COSPAR, World Space Congress
Houston, TX, October 17-18, 2002
C4.3. Path toward Improved Ionosphere Specification and Forecast Models
Summary Report / Dieter Bilitza
The WSC session C4.3 was organized by the URSI/COSPAR Working Group on the International Reference Ionosphere (IRI) with the goal to review ongoing ionospheric modeling activities with a special emphasis on efforts that involve the IRI model. The session included 28 oral and 12 posters presentations. Unfortunately, two key speakers were unable to attend because of visa problems. Special meetings of the IRI Working Group to discuss the status of the IRI model and future improvements were held from 12:30 to 2:00 PM on October 17 and from 16:00 to 17:00 PM on October 18. Financial support was provide by COSPAR and URSI.
M. Friedrich (Austria) presented models for the quiet and disturbed auroral D region based on rocket and EISCAT measurements. The quiet-time model describes the changes at constant pressure surfaces in terms of solar zenith angle and solar activity (will be included in next version of IRI). The disturbed model additionally relies on riometer absorption measurements and Kp to describe D region changes during disturbed conditions. The nighttime E region (peak and valley) remains a problem because of the scarcity of data. For the F2 peak E. Araujo-Pradere (NOAA, USA) evaluated the new IRI storm-time correction model for foF2 with data from the worldwide ionosonde network for all storm events in 2000/2001. He finds an improvement of about 50% when using the new model instead of the uncorrected old model. For the F2 peak height, hmF2, comparisons at low latitude ionosonde stations in Africa (J., Adeniyi, Nigeria; O. Obrou, Ivory Coast), China (M. Zhang, CAS, Beijing) and South America (R. Ezquer, Argentina) showed that IRI underestimates the ionosonde-deduced heights by several tens of km.
D. Bilitza (GSFC, USA) presented a correction function for the IRI topside model that resulted in an excellent agreement with Alouette/ISIS topside sounder measurements. It was decided to include this corrected topside model as a new option in the next version of IRI. Shortcomings of the current IRI topside model were also noted in comparisons with electron densities deduced from CHAMP occultation measurements (N. Jakowski, Germany). B. Reinisch (UML, USA) presented an empirical plasmaspheric model based on data obtained from the Radio Probe Instrument (RPI) on the Image satellite. Other candidates for the IRI plasmasphere are the models by D. Gallagher (MSFC, USA), P. Webb (New Zealand), and T. Gulyaeva (Russia). Using data from Athens and Millstone Hill, A. Belahaki (Greece) showed that ground-based ionograms provide a reliable estimate of the electron density profile above the F2 peak. Using ROCSAT-1 data, S.-Y. Su (Taiwan) studied the occurrence of equatorial spread-F (ESF) in relation to the along-track density gradients and established thresholds above which ESF is very likely to occur.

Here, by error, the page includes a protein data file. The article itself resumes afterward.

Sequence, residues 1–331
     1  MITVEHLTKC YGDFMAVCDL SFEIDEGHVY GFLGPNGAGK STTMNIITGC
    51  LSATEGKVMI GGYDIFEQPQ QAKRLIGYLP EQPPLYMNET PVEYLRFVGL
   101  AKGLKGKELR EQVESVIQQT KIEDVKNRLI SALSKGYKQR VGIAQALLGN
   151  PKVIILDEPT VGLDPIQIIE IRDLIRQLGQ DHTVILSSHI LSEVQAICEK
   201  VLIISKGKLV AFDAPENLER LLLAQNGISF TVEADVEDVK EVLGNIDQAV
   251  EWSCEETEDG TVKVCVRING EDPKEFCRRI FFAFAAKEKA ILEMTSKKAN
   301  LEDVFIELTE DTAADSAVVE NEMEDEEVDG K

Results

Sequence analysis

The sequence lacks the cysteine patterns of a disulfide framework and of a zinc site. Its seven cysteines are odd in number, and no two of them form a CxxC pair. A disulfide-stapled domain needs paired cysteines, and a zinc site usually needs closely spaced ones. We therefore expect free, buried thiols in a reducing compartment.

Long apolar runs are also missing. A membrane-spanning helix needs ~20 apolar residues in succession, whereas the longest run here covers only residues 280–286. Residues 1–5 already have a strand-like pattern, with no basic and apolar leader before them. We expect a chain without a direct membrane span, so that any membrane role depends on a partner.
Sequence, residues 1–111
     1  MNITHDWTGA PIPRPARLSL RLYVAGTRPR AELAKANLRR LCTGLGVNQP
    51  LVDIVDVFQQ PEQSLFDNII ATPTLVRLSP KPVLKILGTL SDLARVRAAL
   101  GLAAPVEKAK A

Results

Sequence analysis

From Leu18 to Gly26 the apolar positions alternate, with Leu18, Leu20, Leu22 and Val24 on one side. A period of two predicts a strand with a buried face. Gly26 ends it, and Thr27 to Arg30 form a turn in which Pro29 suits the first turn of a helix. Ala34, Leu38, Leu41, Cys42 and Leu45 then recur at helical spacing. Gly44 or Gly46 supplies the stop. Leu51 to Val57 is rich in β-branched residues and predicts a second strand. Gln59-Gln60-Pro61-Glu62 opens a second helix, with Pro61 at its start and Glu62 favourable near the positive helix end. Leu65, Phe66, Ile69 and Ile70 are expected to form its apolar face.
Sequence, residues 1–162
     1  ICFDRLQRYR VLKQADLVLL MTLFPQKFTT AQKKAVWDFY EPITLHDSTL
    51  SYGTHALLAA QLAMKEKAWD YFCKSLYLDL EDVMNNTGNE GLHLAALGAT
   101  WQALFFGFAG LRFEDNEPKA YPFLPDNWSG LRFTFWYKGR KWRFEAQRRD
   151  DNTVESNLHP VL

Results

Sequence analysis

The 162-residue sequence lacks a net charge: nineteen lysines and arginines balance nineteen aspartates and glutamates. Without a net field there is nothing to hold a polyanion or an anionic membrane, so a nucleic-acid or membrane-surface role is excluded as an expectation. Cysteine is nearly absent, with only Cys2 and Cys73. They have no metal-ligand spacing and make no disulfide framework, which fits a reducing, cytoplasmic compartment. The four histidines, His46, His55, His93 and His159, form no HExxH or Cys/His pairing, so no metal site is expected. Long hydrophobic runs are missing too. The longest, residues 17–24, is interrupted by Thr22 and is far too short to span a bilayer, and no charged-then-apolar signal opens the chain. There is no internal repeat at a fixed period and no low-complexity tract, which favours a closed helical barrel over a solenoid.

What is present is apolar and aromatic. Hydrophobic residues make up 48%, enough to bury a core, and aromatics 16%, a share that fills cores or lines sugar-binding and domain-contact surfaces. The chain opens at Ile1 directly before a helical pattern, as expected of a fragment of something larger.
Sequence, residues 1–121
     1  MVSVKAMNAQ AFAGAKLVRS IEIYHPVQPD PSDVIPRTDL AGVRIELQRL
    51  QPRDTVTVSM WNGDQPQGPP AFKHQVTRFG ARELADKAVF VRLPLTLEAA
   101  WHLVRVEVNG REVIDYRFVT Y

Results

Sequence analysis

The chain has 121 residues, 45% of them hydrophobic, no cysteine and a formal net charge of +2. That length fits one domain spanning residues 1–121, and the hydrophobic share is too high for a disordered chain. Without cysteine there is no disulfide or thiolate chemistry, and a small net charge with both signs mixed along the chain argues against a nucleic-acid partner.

Several new temperature models were introduced in this session. K. Oyama (Japan) presented electron temperature models for low-latitudes at 600 km based on Hinotori satellite data and for plasmaspheric altitudes based on Akebono satellite measurements. Millstone Hill incoherent scatter data from 1976 to 2001 were the basis for a station-specific model describing variations with time, altitude, season, and solar activity (S. Zhang, USA). K. Mahajan (India) used radar data from Arecibo to highlight the seasonal and solar cycle variations of electron temperature and the close correlation with electron density. One of the major shortcomings of the present IRI electron temperature model is the fact that it does not include variations with solar activity. An effort is planned to develop a new temperature model that will include these variations based on inputs from the various mission-specific and station-specific models (V. Truhlik, D. Bilitza, K. Oyama).